Pope Shenouda: Enemy of Sadat, Friend of Mubarak
By: Bisan Kassab
Published Monday, March 19, 2012
Unlike the heads of Egypt’s official Islamic institutions, Coptic Pope Shenouda stood up against Egypt’s former President Anwar Sadat for his normalization with Israel and flirting with Islamist forces. But the late pontiff had little qualms pandering to Mubarak’s rule and his plan for succession.
The percentage of Copts in the total Egyptian population is left for speculation, as all the agencies of the state, whether the Central Agency for Public Mobilization and Statistics or the church itself, refuse to disclose such information. Public estimates of Copts range between 10 and 20 percent.
The Coptic Orthodox Church in Egypt is in many ways are not much different from official Muslim religious institutions like al-Azhar and Dar al-Ifta in terms of its relation with the ruling authority.
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The head of the church, the late Pope Shenouda, had his run-ins with the state under former Egyptian President Anwar Sadat, when the pope was exiled to a monastery in the western desert toward the end of the assassinated president’s term.
His relationship with Sadat’s successor, Hosni Mubarak, turned out to be warm and cordial despite all the bloody and violent sectarian incidents against Copts during Mubarak’s reign.
Mubarak expressed this in courtesies such as appointing Copts to the People’s Assembly and the Shura Council, and making Christmas an official holiday.
Shenouda, for his part, was willing to punish Father Philopater Jamil in 2005 when he suspended him for two years after the priest joined the Ghad Party contesting the stranglehold Mubarak’s party, the NDP, had on Egyptian political life.
The late pope went so far as to praise Gamal Hosni Mubarak in early 2010 as a "suitable man to be president of the republic" at the time when Mubarak the father was grooming his son to inherit the presidency.
Shenouda pressed on with his unwavering support for Mubarak when he stood against Coptic demonstrations in protest of the massacre of the Two Saints Church toward the end of 2010.
This was the protest that witnessed, perhaps for the first time, a clear condemnation of the regime itself and not of hard-line Islamists.
Prior to the outbreak of the Egyptian revolution last year, the church reached the pinnacle of its service to the regime, when it tried through its pastors and priests to deter Copts from participating in the scheduled demonstrations at the time, as the young activist in the Revolutionary Socialists Peter Safwat claims.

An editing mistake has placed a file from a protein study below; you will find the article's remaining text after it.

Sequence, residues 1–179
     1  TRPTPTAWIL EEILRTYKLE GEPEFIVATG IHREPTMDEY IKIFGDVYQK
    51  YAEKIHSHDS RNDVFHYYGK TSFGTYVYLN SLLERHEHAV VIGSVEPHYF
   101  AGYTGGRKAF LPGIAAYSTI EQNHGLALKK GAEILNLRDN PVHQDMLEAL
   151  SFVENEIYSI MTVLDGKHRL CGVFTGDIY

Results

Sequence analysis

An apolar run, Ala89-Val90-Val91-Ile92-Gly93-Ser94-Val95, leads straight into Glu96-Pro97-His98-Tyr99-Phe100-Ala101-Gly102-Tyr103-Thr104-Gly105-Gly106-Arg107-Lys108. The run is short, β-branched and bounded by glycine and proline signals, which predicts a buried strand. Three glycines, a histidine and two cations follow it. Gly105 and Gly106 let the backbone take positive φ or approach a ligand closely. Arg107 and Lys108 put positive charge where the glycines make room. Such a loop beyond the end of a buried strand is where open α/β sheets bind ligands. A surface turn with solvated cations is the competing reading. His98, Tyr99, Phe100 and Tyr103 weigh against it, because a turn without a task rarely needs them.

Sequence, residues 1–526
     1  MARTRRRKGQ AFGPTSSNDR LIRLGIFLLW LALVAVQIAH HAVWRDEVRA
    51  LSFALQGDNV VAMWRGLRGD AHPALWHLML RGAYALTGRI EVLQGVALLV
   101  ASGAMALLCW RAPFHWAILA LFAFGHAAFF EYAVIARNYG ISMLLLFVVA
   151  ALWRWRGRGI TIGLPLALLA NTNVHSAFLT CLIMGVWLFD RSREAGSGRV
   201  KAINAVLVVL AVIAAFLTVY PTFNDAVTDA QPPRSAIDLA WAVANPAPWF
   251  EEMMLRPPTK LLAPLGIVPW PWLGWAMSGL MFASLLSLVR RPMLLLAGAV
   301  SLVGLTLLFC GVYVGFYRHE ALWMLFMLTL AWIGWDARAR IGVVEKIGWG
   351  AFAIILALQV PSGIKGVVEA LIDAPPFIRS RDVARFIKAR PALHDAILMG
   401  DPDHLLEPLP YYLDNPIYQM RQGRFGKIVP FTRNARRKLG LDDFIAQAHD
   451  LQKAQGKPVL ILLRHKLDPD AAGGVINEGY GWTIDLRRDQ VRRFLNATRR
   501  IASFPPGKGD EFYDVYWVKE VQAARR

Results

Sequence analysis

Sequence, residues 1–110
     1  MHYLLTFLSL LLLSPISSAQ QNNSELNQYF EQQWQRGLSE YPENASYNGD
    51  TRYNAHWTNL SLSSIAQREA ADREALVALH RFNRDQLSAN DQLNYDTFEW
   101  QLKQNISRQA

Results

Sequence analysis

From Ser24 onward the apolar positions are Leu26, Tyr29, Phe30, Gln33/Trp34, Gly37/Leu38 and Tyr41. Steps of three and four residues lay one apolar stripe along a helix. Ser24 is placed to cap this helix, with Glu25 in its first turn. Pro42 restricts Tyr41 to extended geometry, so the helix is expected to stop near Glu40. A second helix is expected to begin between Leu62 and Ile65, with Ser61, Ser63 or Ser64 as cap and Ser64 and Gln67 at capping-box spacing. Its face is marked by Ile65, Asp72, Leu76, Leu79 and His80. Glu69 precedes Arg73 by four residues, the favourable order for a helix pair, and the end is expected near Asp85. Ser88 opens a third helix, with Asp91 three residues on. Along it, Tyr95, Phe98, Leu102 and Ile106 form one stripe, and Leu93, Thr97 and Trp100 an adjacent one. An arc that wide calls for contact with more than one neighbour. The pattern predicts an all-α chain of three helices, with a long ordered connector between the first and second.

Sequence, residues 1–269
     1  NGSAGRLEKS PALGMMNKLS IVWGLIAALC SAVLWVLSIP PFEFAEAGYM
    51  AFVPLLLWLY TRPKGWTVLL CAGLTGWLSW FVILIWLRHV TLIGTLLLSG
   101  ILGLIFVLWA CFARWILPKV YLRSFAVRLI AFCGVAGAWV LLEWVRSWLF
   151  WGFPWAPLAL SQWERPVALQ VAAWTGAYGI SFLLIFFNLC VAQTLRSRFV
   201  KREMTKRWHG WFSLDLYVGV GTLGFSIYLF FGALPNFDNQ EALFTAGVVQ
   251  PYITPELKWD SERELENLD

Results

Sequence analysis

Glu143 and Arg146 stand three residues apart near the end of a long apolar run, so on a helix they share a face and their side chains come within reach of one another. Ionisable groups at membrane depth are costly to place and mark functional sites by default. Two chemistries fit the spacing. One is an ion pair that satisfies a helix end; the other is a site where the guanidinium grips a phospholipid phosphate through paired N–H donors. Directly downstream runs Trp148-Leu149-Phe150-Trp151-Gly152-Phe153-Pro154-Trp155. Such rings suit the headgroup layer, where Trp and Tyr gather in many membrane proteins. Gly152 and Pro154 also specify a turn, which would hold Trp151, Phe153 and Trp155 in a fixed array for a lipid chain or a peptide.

Safwat says that the church stayed on the same loyalist path in dealing with the events following the revolution.
According to him, “the church refused to allow Coptic demonstrators (members of the Maspero Youth Union) protesting [against] the Imbaba church incident from entering the cathedral,” under the pretext that “protesting is not part of our values and the solution to our problems is fasting and praying.”
The Maspero Youth Union was the clearest expression of the Coptic Youth’s attempt to get rid of the control that the church exercises over their political activism.
The union was founded against the backdrop of the first Coptic sit-in after the revolution in Maspero to protest the burning of the Atfih church in March of last year.
Then there was another sit-in to protest the clashes between Copts and Muslims and the attempt to break into the Imbaba church as well as the Maspero massacre on 9 October 2011, in which about 30 people were killed at the hands of the security forces.
The Maspero massacre led to the founding of the group “We Are All Mina Daniel,” which adopted the name of one of the martyrs who was a prominent member in the Youth Movement for Justice and Freedom.
His sister Marie remembers an attempt by one of the priests to convince her sister to stop protesting against the massacre.
This was at a time when Shenouda himself was trying to persuade the families of the victims not to sue SCAF (Supreme Council of the Armed Forces) under the pretext that no one has proof that the perpetrators were members of the army.
“We were all sure of it and we had DVDs that recorded what happened and I witnessed my brother’s death next to me but the pope was perhaps speaking out of fear for his children,” Marie said.
In any case, the church’s position remained the same after the revolution.
It tried to discourage Copts from protesting on the first anniversary of Mubarak’s downfall on February 11, based on a statement issued by Shenouda one month before his death, that disobedience has nothing to do with religion.
This article is an edited translation from the Arabic Edition.